The Great Smog of London Disaster of 1952-1953
- From December 1952 to March 1953 in London, about 12,000 residents died in London’s most massive civilian disaster.
- The smoke from chimney's ran like water, clogging the cold air. This caused the sun to go unseen for for the duration of the smog
- To help the smog disappear, The Minister of Housing, Harold Macmillan, put together a committee to reduce in coal burning became the law of the land in 1956.
Consequences of Smog
- irritation of the eyes
- lung cancer
- colds and pneumonia
- premature deaths
We should care about this because it is very harmful to the environment and us as humans. We could easily get diseases from smog. We can get lung cancer, inflammation, people could get asthma, could eventually get asthma attacks and die, people could have complications with breathing, and crops could easily be damaged.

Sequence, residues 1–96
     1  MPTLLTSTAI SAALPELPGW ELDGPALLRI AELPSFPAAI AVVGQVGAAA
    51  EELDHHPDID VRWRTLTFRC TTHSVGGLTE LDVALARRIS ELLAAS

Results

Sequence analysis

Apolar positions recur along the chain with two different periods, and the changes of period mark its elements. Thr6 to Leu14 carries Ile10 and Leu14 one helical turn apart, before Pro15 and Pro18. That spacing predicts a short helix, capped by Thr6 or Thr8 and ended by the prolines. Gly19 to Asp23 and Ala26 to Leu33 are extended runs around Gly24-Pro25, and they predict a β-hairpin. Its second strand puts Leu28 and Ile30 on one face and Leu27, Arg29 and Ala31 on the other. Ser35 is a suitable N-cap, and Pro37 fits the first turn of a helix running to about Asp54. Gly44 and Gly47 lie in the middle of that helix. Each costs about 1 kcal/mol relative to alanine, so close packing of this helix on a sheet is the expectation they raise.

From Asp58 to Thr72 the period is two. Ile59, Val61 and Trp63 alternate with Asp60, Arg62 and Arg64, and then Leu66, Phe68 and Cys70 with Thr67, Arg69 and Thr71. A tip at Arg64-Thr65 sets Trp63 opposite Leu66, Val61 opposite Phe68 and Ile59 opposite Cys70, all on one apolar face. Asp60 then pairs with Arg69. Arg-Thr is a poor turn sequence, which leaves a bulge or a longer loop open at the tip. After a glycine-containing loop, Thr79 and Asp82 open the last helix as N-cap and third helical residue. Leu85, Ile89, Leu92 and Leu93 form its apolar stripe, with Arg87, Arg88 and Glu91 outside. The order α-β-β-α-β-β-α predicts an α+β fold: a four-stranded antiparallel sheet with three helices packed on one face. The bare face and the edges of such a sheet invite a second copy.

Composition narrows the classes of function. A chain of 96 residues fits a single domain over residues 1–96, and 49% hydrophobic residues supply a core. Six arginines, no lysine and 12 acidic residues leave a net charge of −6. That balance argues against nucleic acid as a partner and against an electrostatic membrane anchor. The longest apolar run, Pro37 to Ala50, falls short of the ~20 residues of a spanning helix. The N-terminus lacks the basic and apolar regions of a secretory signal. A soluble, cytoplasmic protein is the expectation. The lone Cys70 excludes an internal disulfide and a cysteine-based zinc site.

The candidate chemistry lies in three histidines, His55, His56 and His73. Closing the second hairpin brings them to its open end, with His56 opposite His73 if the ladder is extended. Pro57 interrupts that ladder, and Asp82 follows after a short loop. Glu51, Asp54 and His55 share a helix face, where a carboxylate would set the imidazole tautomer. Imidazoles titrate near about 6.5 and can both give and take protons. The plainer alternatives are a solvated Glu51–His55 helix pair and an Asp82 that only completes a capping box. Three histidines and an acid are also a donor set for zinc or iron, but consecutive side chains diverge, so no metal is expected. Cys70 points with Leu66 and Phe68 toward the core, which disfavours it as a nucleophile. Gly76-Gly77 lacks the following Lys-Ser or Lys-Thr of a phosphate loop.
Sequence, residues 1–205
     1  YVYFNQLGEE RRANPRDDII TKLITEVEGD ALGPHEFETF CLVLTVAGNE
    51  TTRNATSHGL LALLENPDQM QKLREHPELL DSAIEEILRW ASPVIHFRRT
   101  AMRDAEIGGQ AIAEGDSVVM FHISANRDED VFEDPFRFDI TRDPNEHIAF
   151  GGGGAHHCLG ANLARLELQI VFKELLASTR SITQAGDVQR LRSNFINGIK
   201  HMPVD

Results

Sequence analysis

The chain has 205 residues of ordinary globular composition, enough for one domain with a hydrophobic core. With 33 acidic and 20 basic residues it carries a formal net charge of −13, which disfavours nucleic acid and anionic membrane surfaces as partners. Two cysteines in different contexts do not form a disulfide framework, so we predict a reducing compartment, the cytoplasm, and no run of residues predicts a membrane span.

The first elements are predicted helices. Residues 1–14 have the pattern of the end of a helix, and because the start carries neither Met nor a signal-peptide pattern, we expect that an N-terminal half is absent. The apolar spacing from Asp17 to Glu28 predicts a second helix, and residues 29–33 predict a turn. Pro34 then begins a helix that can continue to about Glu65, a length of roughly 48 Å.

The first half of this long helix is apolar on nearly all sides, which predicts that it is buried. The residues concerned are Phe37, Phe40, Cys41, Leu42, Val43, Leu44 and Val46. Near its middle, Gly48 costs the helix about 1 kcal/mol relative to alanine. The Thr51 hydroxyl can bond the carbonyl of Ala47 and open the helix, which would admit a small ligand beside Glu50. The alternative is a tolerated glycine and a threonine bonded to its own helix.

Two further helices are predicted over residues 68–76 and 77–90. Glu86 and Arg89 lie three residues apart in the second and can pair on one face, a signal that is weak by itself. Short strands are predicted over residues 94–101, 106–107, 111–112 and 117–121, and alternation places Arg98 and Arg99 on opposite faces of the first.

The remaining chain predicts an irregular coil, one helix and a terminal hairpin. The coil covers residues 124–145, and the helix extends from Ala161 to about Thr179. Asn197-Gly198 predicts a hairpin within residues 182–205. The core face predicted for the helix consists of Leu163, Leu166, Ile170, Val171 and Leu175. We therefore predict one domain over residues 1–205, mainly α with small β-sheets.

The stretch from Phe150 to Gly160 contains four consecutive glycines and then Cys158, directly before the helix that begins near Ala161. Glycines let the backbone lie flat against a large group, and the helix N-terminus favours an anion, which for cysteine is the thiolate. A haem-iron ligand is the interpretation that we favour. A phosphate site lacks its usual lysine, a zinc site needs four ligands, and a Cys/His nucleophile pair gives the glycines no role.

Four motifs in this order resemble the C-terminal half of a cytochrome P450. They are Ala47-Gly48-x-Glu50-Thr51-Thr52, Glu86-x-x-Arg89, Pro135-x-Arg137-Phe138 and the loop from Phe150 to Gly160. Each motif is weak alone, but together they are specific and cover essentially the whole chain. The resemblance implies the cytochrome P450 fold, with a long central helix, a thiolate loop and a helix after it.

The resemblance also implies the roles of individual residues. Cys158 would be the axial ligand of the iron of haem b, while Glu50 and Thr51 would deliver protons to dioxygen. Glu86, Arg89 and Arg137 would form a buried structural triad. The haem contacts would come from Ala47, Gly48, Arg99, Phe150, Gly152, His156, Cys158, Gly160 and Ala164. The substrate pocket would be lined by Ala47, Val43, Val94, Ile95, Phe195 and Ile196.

Beijing is having very hazardous smog level which is not good for the environment. The government decided to shut all big and major power plants to help with the smog. China has a high pollution levels so the government had to act very quickly. They had to shut down 4 major coal-fired power plants: China Huaneng Group Corp.’s, Guohua Electric Power Corp., Beijing Energy Investment Holding Co., and China Datang Corp.
Smog Vacuum Cleaner
This Dutch designer Daan Roosegaarde and his team of experts worked on the world's larger smog vacuum cleaner.
- The Great Smog of London lasted from December 1952 to March 1953
- Smoke from a chimneys ran like water and pumped clotted, coal-fumes into the cold air causing the smog
- In one week about 4,703 people died
- Harold Macmillan, was the Minister of Housing, put together a committee to reduce coal burning which became the law in 1956.